The importance of feeling and being prepared for natural disasters has been emphasised as part of two reports examining mental health during and after the Black Summer bushfires.
The joint study from ACT Health and the University of NSW examined the wellbeing of more than 1000 people* aged between 59 and 87 from the Canberra and Queanbeyan areas during the 2020 bushfire season. The results were split between one report discussing the impacts and the other detailing people’s experiences.
It found that while people reported their mental health worsened during the Black Summer period, it quickly returned to pre-disaster levels after the fires – and disaster preparedness was a key factor.
“Disaster preparedness was a protective factor against the negative health impacts of bushfires,” the study found.
“Feeling better prepared for bushfires was associated with more positive scores on measures associated with anxiety, depression, suicidality, psychological trauma, and sleep quality.”
One aspect of this was a newfound appreciation for things once the danger had passed, such as friends, family and having fresh air to breathe.
“When it looked like we would lose our home (we didn’t), I was surprised at how it wasn’t important to me,” one woman said.
“What was important was that our family and friends were safe.”
Another view was a changed perspective about preparedness and how destructive bushfires could actually be.
It led some respondents to reconsider how realistic their expectations were about protecting their homes and the importance of having conversations about when to leave with loved ones.
The report found women were more likely to experience negative mental health impacts such as anxiety, fear and trauma both during the fires and afterwards.
“It was stressful being on alert (bags packed) for weeks … I still haven’t unpacked my evacuation bags,” one woman wrote.
Another wrote about her fear for her husband, who’s a Rural Fire Service volunteer:
“A friend’s husband ended up in hospital with injuries while firefighting, two friends with farms were seriously impacted by fires, at times frightened for their lives,” she said.
“It all felt very serious, even while I was safe in [Canberra].”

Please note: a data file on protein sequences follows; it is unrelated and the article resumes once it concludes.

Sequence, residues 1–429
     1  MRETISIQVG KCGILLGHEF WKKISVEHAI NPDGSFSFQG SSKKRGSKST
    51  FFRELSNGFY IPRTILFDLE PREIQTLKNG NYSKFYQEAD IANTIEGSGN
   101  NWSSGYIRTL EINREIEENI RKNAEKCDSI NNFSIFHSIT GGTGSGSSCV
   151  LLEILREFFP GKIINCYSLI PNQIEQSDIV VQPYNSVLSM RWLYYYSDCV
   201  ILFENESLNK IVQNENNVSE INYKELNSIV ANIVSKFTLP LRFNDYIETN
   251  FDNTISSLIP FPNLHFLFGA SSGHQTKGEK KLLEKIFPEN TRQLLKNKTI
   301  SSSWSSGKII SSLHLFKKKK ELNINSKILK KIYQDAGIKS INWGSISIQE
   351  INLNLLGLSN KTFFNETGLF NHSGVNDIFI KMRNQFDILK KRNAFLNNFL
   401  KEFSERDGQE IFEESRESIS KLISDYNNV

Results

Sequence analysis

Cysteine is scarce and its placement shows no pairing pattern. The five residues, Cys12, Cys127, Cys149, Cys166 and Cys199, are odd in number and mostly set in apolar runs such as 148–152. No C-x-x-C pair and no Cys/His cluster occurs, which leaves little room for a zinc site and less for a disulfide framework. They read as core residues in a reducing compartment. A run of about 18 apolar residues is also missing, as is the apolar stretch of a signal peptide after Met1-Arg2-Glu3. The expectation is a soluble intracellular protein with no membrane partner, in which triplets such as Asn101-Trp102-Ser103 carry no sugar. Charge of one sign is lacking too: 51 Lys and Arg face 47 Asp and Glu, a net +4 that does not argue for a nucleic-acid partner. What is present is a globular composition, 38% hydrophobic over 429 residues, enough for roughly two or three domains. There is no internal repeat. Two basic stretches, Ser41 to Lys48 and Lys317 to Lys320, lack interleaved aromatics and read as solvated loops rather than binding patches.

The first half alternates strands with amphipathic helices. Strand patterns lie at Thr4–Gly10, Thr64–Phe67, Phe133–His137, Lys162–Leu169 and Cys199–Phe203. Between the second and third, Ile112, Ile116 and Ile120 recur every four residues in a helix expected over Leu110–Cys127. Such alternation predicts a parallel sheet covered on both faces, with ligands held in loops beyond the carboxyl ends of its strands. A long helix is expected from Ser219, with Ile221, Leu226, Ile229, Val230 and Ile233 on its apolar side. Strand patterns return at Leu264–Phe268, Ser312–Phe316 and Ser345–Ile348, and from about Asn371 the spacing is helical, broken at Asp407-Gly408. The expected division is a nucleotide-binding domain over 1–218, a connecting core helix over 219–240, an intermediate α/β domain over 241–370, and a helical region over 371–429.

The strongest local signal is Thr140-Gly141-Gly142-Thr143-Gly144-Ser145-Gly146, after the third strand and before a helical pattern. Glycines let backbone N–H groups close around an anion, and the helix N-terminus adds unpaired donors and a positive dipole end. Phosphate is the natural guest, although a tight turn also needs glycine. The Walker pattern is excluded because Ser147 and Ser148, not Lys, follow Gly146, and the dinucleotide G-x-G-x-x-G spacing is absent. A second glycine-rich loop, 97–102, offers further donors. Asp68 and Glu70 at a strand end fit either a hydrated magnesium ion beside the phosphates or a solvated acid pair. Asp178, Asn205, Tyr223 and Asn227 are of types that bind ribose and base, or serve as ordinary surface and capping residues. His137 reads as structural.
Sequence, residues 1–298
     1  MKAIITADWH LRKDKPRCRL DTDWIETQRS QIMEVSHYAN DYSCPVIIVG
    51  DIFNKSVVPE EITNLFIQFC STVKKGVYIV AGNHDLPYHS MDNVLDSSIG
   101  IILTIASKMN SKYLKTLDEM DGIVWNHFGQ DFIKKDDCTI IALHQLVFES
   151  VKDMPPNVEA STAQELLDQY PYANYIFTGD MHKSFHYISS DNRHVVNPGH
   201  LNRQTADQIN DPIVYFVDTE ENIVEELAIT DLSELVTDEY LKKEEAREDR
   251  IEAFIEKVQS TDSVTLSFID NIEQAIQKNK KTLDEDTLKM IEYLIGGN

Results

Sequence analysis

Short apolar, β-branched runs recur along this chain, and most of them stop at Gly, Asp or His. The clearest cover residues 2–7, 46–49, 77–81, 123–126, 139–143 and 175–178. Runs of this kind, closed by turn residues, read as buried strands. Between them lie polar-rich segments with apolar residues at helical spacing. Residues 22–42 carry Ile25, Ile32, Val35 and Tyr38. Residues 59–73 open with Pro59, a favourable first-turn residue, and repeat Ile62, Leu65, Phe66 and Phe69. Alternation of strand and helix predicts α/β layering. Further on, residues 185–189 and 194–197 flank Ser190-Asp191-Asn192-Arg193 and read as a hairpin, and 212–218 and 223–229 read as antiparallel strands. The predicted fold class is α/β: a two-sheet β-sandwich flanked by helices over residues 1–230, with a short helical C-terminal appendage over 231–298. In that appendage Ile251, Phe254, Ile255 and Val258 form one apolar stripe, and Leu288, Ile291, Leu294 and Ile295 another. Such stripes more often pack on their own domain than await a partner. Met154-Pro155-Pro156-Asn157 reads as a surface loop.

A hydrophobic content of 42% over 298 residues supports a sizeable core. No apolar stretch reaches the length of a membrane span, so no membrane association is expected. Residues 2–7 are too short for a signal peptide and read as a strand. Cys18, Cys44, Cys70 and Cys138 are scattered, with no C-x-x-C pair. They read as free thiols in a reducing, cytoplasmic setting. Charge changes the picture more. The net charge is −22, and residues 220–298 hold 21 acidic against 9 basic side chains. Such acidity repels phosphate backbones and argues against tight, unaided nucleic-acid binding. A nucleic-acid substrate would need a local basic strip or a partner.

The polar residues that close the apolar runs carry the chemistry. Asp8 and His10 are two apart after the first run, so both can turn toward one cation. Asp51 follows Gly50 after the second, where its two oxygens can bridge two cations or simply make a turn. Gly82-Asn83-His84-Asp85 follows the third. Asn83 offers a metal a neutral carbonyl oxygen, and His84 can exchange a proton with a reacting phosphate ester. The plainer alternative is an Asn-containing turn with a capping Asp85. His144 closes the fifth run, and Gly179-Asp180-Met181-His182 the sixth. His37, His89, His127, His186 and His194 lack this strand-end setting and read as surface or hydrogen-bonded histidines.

The memory of the 2003 Canberra bushfires also weighed heavily on locals’ minds during the Black Summer period, with respondents describing their panic and dread over not knowing when the fires would end.
“I was in Canberra, I was terrified the whole time I was visiting … I was later told I suffered a PTSD trauma from the Jan 2003 [fires] of which I was caught in. My then husband was caught in the middle of a firestorm and had to fight the fire with no experience or training,” one woman reported.
“It was a very terrifying time for my family and this year’s fires were a bad reminder.”
But the report showed feelings of preparedness also needed to be supported by easy-to-access information about what was happening.
One Canberra respondent expressed his frustration over lack of “in-depth information” from emergency services for specific regions of the Territory.
“Although lots of general information was provided, there were distinctly different risks when looking at the south of the ACT compared to the north, and information on the active fire fronts was often hard to discern,” he wrote.
Lack of access to emergency information was highlighted during the 2003 Canberra bushfires and led to the creation of the Emergency Services Agency’s (ESA) online warning system.
But some respondents said it still needed work.
“[It] was exceedingly frustrating and eventually became untrustworthy when it told us to ‘Evacuate’, ‘It’s too Late to Leave’, ‘Take Shelter’ all at once and we could not see a fire apart from some very distant smoke,” one woman said.
“In the end it turned out our area was never in danger.”
The report noted it was important to gain insights into people’s experiences with bushfires to guide policy decisions and responses during future natural disasters, especially given Australia’s risk of bushfires is expected to increase in the future.
“Exposure to disasters has … been linked to increased mental health problems,” the report stated.
“These negative effects on peoples’ health, particularly to mental health, emphasise the need for providing and promoting the use of appropriate health services.”
ACT Mental Health Minister Emma Davidson said this study highlighted the importance of people looking after their mental health during and after stressful events.
“I cannot overstate how living through a natural disaster, even when you’re not directly affected by it, can have a severe impact on your physical and mental health,” she said.
“I encourage anyone who is struggling during this time, whether it be from memories of the 2003 bushfire anniversary, or for any other reasons, to reach out to local support services.”
*These people have been studied since they were randomly sampled for the Personality and Total Health (PATH) Through Life project in 1999/2000.